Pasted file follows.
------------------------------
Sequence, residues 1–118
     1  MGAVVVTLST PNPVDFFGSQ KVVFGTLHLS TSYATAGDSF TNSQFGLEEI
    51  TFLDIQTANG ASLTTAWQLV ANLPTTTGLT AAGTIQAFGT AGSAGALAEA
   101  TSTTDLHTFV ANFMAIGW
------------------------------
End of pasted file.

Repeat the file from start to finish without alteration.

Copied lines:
Sequence, residues 1–118
     1  MGAVVVTLST PNPVDFFGSQ KVVFGTLHLS TSYATAGDSF TNSQFGLEEI
    51  TFLDIQTANG ASLTTAWQLV ANLPTTTGLT AAGTIQAFGT AGSAGALAEA
   101  TSTTDLHTFV ANFMAIGW